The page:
The HTC One S sports a very rich camera interface with plenty of shooting modes, tweaks and effects you can apply over to your photos and videos. The Samsung Galaxy S II is no slouch in that respect either, offering panorama and macro modes, as well as many effects too, but the choice coming with the HTC's proprietary ImageChip technology is richer, and the interface is more ergonomic to use. The One S has the camera and video shutter keys on one screen, so you can immediately start filming after a shot. The brighter screen also helps in framing a shot well.

The pics from the 8MP cameras on both turned out very good, with the One S oversaturating the colors, whereas the ones from the Galaxy S II were slightly colder than reality, and the truth somewhere in the middle. The handsets make sharp looking photos with good white balance and plenty of detail. They manage fine even in tricky lighting situations, like when the sun shines directly at the lens, with the One S having a slight edge in these circumstances. Where the Galaxy S II does better in auto mode are artificial and low light shots, where its pics come out slightly sharper, while on the One S you have to pick the low light mode from the menu to achieve the same result.

Overall, the pictures from the HTC One S are more pleasant to look at with their vivid, saturated colors than the more accurate, but colder images from the Samsung Galaxy S II. HTC's handset has one big advantage in terms of camera, though – it takes less than a second to focus and take a shot, and its burst mode is a sight to behold, whereas the Galaxy S II camera feels like a last year endeavor compared to the new sub-second speeds we have in the HTC One series, the iPhone 4S or the Xperia S, for example.

Both handsets shoot 1080p video with 30fps, which runs fluid and without frame skippings or unpleasant artifacts, and with a good level of detail. The video from the One S exhibits the same high contrast and saturated colors as the stills, while the one made with the Galaxy S II is more plain looking in comparison, but overall you can't complain from the footage created by both phones.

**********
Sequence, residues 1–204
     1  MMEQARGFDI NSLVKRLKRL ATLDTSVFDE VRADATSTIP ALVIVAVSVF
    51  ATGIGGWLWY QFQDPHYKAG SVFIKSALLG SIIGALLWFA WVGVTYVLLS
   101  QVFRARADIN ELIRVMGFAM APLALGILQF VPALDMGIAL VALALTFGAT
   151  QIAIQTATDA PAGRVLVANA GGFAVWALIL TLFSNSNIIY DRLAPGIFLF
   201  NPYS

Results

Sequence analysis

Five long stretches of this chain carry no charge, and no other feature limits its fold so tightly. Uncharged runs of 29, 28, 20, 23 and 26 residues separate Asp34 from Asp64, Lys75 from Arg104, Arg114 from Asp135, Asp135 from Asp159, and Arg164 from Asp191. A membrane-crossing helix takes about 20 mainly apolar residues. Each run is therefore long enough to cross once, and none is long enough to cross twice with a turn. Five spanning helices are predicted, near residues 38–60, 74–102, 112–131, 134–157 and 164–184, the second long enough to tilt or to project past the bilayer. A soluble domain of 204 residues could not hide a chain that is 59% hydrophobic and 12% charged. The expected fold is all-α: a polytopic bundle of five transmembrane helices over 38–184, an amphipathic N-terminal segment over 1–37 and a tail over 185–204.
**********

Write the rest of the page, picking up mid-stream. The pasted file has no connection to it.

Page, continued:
HTC One S Sample Video:

Samsung Galaxy S II Sample Video:

HTC One S Indoor Sample Video:

Samsung Galaxy S II Indoor Sample VIdeo:


The music player on the Galaxy S II is more functional than the one on the One S due to the number of equalizer presets it offers and the mock 5.1 channel surround sound mode. The One S has Beats Audio, which improves the sound with the suitable high-quality pair of headphones, but you could probably achieve a similar result playing around with the Galaxy S II equalizers. The loudspeaker on the Galaxy S II is on par with the One S unit - both are nothing really spectacular, but do the job in terms of strength and sound clarity for phone rings and the occasional call on speaker.


Both handsets have pretty useful video players that won’t make you resort to the application store, since they support DivX/Xvid by default, and allow for brightness adjustments, subtitle support and basic video trimming directly from their interfaces. With the Galaxy S II you can also set the color tone, though, which might come useful when watching movies.

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